Reaching the Rift Valley really is a scene out of a Disney movie. You are driving through the Kenyan countryside on one of the major roads out of town and suddenly the ground that had occupied you horizon gives way. As you approach this enormous geological rift in the earth, the view expands so that you see distant mountains layered in shades of hazy blue and the green floor of the valley far, far below. In reality, their are ridges and. Alleys within the great rift that stretches through this continent, but the scale is too large for the mind to absorb, and you see instead one overwhelmingly large indentation in the surface of our earth.
What struck me most about the Rift Valley, though, was that it did not leave me feeling small and in consequential as happens when one looks out over, say, the Grand Canyon or the volcanic fields of Hawaii. Even the precipitous drop from the escarpment is clothed in a gentle layer of living green. The Rift Valley is not a rift in the earth, but a cradle.
Picking up Caroline in the prosperous and bustling city of Nakuru on the way down, we descended to the floor of the Valley. We turned off the tarmac road past the town of Marigat. The road here is simply a winding trail along the red clay floor that shifts as drivers avoid the washed out ruts, cacti and acacias that proliferate here. Micah, Caroline’s husband, explains that there are three roads out that the village chooses between based on which are passable at the moment
It is no coincidence that the road is not paved here. Caroline and Micah are IlChamas Masai, a minority group within minority groups. The Kenyan government has been trying for years to create stability by distributing its power and resources beyond the Kikuyu power base. But the IlChamas were not officially recognized as Masai by the government and not recognized as Kalenjin by the tribe with which they were officially associated. The resources that come two the Kalenjin and Masai, the two dominant groups in this region, rarely make it down to the collection of sub-tribes here. Caroline and Micah both obtained masters degrees and have dedicated themselves to improving conditions here. The have a lot of work to do-the closest g
medical clinic is 18 kilometers, often by foot; the closest doctor is 40 kilometers. Girls and women are usually second class citizens throughout this area, and few people from the villages of either gender complete secondary school. Cattle raids and the attending violence still occur in some areas.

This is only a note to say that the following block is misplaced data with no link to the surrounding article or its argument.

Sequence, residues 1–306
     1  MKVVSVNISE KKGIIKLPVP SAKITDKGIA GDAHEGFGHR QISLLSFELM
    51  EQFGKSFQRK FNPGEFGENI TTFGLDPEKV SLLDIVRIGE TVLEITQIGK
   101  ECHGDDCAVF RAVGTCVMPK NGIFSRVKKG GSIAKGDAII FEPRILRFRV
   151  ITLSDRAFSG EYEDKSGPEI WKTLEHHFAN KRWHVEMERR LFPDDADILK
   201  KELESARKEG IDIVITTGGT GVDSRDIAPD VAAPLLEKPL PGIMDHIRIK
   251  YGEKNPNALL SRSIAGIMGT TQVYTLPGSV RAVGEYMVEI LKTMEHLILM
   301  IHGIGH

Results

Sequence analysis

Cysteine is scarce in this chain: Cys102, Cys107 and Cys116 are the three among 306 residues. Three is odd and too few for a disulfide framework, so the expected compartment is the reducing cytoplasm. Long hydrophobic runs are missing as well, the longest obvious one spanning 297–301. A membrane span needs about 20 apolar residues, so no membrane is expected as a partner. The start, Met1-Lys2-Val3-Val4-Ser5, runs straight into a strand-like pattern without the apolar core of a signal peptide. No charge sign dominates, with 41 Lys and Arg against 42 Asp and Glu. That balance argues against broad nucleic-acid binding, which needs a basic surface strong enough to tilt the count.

However, there are signs of improvement. Caroline serves as a community liaison and consultant with a variety of NGO and government programs that are working to resolve conflict, eliminate gender disparity and improve living conditions amongst the sub-tribes. For us, she pulls girls from these villages and finds them a place in one of the boarding schools here in Baringo County. I ask Juliet, a talented junior (and school prefect) whom we sponsor at Pewai, whether she refers to our coordinator as Caroline or Mrs. Lentupuru. Juliet raises an eyebrow and answers, “I refer to her as mom.”
Like the other students we sponsor here and at Mogitio School, Juliet is happy to be at school. She misses her mother, but she relishes life in a community that values her intelligence and celebrates her accomplishments. she wants to know about university scholarships-she will not be content with a high school degree.
In this region we are working with gender disparities off at are particularly severe and destructive. These communities are traditionally pastoral, and wealth is held in status and movable property (usually livestock herds) rather than land. A woman in and of herself has neither status, nor property. Juliet and her peers plan to be the next generation after Caroline’s to push their communities further into a future where women work side by side with men in the life of a village.
Small indications of that future are already emerging, but that is another post…